The West’s Silence on Hong Kong is DeafeningPosted: 09/2/2014 2:50 pm
Beijing’s decision to deny true democracy for Hong Kong may have been heart-breaking, but it wasn’t entirely unexpected. For months leading up to the decision of the National People’s Congress Standing Committee on Sunday, Beijing has been saying that some form of a nominating committee would be in place, and that eligible candidates must “love the country”. It was an ominous sign, and now it’s played out as anticipated.
Hong Kong, already, somehow seems different. The police on every street corner yesterday made it feel like Tiananmen Square. We are left with depressing media coverage, the tears of democracy advocates, and the sobering realization that Hong Kong’s yearning for representative government is at a dead end.
But who can really blame Beijing? The Communist Party is simply looking out for itself, and was never going to allow open democracy on its own soil. It also has a point when it says the universal suffrage proposal for 2017 goes much farther than anything the city had under British colonial rule. But that’s cold comfort to a city that always believed it was ready to responsibly govern itself.
The most depressing fact, from this humble writer’s point of view, is the dead silence from the west. For the last century, western countries spoke out against injustice and promoted democracy abroad, often standing up to brutal dictatorships at great personal cost. Today, when one vibrant and mature society in a relatively undeveloped region sees its freedoms threatened, the west not only turns its back, it gets into bed with the aggressors.
The United States and United Kingdom, and companies from those two places, long ago sold their souls to Beijing. The UK has been silent on what’s happening in Hong Kong, despite the fact it’s a party to the Sino-British Joint Declaration and has some grounds to speak up. The United States has uttered not a word. British companies, notably HSBC and Standard Chartered, have pulled advertisements from Next Media’s Apple Daily under pressure from the Chinese government, proving they, too, know who their real masters are.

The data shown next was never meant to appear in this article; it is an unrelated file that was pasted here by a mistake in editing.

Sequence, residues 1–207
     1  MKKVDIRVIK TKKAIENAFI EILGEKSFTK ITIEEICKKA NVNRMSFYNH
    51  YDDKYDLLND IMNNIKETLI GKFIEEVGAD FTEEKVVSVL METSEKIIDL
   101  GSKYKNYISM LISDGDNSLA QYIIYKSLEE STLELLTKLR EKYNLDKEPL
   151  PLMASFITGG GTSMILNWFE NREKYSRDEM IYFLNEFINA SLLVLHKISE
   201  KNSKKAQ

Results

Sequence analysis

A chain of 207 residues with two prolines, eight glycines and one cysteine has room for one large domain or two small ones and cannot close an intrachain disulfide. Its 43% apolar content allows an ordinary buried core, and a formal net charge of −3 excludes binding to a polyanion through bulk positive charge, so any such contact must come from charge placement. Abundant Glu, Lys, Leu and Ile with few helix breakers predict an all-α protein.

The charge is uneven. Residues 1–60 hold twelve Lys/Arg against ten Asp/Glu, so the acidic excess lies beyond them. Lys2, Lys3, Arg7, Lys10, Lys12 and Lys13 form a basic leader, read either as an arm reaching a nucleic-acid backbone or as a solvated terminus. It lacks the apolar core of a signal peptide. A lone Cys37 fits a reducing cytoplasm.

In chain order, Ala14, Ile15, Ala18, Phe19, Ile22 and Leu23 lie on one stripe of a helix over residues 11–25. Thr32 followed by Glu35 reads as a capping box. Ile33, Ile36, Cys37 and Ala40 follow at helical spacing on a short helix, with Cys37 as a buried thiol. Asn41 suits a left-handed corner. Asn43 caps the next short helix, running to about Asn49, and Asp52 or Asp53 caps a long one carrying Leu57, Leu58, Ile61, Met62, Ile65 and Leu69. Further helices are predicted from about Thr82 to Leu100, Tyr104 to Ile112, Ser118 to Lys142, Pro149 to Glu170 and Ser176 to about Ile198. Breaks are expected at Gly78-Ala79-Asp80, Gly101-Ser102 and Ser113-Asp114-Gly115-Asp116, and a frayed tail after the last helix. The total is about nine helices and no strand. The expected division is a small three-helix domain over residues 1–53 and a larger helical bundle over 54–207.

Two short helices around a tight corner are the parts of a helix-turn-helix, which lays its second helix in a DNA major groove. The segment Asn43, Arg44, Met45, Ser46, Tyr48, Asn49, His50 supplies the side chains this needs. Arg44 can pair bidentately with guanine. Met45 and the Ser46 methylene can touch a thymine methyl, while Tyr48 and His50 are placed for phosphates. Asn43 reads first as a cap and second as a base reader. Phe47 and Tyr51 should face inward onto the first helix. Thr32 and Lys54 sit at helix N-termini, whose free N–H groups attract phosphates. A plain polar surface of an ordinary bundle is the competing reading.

Even LinkedIn, a forward thinking, Silicon Valley social network, censors posts globally if China feels uncomfortable. The company’s PR head explained:
“It is difficult,” says LinkedIn’s Director of Communications Hani Durzy. “We are strongly in support of freedom of expression. But it was clear to us that to create value for our members in China and around the world, we would need to implement the Chinese government’s restrictions on content.”
No, LinkedIn doesn’t support freedom of expression. If it did it wouldn’t censor content. It’s really that black-and-white. America and the UK don’t support it much either, or they would speak up too.
We are entering a new, dark era where even the west, with its professed love of freedom of speech, cannot be counted on to defend those values. In what would once be unthinkable, today western companies have no problems justifying outright censorship and adherence to brutal, authoritarian governments while western leaders keep silent.
Hong Kong, as a result, has been abandoned. If rich, western, first-world countries are loathe to offend Beijing lest business opportunities dry up, what hope does Hong Kong have to resist?
Home page photo credit: Quartz